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Electronic trade

01 September 2007 06:16:23

Sri Lanka tea auctions on automated trading

September 01, 2007 (LBO) - Millennium IT, one of Sri Lanka's key software developers, has secured the contract to automate the centuries old tea auction system, an official said.

The deal brings together one of the oldest primary commodity exports and the youngest service sector industries of the island.

A mock system has been developed with trial runs going through the teething phase before a possible implementation as early as next year, said Dickie Juriansz, Chairman of Imperial Tea Exports (Pvt) Ltd.

"The whole project will cost us around a million dollars. The systems are still being tested, brokers are being educated and trained how to use computerised bidding as against the current system of shouting out bids at the auction," said Juriansz, who is also a key member of the main trade body the Ceylon Tea Traders Association.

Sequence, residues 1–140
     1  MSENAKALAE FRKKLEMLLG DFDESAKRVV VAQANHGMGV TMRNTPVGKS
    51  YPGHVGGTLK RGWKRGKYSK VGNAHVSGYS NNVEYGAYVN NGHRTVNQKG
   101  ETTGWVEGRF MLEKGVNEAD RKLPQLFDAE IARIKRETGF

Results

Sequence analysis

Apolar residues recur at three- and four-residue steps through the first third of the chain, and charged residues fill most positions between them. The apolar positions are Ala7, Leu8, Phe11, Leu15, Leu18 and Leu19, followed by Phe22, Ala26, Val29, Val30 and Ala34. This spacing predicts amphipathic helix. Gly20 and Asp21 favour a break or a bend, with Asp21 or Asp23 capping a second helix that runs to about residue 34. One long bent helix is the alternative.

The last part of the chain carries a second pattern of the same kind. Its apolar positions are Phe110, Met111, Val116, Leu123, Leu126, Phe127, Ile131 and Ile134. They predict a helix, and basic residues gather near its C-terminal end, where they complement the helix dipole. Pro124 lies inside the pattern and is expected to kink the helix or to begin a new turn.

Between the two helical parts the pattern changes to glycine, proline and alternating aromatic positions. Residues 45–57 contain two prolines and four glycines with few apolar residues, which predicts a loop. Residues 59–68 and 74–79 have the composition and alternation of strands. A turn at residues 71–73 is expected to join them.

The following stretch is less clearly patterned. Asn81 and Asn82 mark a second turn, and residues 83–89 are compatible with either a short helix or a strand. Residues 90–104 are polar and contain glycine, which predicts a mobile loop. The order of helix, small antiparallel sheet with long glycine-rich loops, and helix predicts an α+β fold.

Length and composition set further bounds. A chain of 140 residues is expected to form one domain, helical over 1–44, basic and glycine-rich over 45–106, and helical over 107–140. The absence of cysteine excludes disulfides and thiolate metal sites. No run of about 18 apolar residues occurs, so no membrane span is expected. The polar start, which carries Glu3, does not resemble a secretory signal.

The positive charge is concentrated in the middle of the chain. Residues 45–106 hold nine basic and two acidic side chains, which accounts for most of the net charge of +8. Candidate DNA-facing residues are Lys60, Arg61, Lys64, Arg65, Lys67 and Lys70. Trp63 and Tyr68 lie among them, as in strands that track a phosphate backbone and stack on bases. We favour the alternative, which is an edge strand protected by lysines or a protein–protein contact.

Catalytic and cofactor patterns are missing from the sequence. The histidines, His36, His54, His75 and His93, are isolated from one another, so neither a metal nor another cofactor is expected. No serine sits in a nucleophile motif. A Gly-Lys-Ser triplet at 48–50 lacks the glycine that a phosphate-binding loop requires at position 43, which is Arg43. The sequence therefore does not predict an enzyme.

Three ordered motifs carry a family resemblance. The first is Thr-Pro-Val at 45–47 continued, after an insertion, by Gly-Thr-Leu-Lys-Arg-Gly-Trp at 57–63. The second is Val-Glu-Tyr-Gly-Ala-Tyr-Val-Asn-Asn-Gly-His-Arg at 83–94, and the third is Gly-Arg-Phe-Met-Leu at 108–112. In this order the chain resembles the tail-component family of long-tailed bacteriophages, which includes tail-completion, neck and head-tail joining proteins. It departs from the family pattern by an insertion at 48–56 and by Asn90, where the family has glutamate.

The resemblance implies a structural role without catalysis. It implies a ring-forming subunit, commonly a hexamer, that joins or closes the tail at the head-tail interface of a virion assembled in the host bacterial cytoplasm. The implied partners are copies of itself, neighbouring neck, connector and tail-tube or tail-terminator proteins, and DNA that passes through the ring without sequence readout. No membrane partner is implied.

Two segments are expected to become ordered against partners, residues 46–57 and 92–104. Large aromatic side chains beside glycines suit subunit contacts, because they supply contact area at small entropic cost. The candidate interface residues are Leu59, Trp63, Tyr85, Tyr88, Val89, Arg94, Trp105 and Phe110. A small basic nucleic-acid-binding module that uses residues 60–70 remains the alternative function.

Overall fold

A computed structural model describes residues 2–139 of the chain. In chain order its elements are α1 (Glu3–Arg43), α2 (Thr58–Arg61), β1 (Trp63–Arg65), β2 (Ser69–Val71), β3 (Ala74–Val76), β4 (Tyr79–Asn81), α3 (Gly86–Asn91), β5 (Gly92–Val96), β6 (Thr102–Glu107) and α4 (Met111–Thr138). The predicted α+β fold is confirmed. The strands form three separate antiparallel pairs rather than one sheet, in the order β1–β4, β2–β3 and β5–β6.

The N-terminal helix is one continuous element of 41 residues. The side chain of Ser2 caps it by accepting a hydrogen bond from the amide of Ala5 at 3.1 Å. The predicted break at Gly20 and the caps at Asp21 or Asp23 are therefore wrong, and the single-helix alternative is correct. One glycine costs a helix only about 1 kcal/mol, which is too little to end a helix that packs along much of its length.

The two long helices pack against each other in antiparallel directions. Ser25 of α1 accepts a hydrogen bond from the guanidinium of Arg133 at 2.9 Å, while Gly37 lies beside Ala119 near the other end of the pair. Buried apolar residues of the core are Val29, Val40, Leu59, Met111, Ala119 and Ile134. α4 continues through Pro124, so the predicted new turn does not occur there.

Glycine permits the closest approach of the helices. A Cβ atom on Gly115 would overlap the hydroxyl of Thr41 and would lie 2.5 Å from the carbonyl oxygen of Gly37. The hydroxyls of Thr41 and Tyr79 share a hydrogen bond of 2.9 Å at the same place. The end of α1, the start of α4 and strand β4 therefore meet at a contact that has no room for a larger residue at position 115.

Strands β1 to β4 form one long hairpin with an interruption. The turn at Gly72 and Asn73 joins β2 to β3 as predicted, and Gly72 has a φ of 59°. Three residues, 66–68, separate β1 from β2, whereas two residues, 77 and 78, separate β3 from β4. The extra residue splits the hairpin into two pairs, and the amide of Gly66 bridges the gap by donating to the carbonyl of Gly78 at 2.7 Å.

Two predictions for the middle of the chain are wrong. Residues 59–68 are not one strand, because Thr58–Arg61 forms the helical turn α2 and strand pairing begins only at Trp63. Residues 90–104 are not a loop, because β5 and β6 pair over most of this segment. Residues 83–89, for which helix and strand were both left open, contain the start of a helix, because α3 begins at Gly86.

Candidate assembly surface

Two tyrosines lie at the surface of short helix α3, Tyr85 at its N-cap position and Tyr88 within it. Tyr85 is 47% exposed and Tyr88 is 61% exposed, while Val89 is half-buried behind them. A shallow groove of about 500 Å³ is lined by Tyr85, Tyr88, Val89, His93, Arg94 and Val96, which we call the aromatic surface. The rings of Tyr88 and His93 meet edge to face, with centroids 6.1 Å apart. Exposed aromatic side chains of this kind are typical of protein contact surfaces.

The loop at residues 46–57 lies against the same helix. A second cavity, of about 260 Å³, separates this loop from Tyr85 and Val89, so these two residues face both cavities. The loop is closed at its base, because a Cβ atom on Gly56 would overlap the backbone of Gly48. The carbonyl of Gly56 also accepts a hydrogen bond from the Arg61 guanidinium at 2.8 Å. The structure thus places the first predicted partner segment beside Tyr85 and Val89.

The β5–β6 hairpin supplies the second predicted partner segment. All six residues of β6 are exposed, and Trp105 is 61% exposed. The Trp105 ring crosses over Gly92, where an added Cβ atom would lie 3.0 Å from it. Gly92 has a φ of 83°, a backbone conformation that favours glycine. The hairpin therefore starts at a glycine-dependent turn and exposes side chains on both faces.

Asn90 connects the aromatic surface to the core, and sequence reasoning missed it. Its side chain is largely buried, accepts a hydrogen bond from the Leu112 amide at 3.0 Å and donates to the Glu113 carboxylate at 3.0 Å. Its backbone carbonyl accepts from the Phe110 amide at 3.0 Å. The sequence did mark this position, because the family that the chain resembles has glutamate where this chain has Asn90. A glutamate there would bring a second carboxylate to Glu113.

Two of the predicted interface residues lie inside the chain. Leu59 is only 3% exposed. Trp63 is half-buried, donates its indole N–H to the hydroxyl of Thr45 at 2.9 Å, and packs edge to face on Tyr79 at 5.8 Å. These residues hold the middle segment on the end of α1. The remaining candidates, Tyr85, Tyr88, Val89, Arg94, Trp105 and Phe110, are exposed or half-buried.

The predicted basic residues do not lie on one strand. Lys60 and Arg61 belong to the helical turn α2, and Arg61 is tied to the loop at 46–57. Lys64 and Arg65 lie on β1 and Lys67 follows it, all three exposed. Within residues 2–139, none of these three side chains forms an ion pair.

The current open-outcry or method of shouting out bids, has been used as a platform to sell tea in the country for over a century and over 90 percent of commodity is currently channelled through the auctions.

"We need to embrace technology, to keep costs down," he told participants at the annual tea conference in Sri Lanka.

As much as six to seven million kilos of tea, sometimes in excess of 10,000 lots, come up for sale in some weeks, with the year end average price per kilo climbing up to an all time high of 300 rupees in the recent weeks.

To cope with the volume of tea coming under the hammer each week, the trade now conducts two auctions a week spread over three rooms.

"The only way to cope with the demand is to increase the number of rooms available, but this means buyers will have to use extra staff and this will cost money. Automation seems to be the way out," he said.

He expects automation to cutback on lead times and help push through a bigger volumes of tea at a time.

The automated model is expected to embody key features of the present system with regards to transparency, efficiency and interaction between buyers, such as in the division of lots.

The system will serve as a market clearing process, allowing the backlog of tea that builds up during periods of heavy cropping to be cleared to a large extent.

Tea is currently sold through nine commodity brokers, of which tea catalogues of eight brokers have already been shifted online.

Sri Lanka, which is better known for its high quality aromatic tea known by the country's previous name Ceylon, is made with tender leafs and buds of the plant botanically known as camellia sinenis.

Uppdaterad 2007-09-02

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